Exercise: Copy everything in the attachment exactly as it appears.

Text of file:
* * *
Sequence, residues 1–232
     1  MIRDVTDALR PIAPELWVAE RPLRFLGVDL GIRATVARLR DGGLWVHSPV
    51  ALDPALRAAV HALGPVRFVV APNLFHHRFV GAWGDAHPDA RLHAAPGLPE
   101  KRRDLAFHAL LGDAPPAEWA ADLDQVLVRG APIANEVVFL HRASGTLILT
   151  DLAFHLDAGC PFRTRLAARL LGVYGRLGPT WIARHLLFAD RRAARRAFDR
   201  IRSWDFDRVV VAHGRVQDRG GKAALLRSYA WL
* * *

Sequence, residues 1–232
     1  MIRDVTDALR PIAPELWVAE RPLRFLGVDL GIRATVARLR DGGLWVHSPV
    51  ALDPALRAAV HALGPVRFVV APNLFHHRFV GAWGDAHPDA RLHAAPGLPE
   101  KRRDLAFHAL LGDAPPAEWA ADLDQVLVRG APIANEVVFL HRASGTLILT
   151  DLAFHLDAGC PFRTRLAARL LGVYGRLGPT WIARHLLFAD RRAARRAFDR
   201  IRSWDFDRVV VAHGRVQDRG GKAALLRSYA WL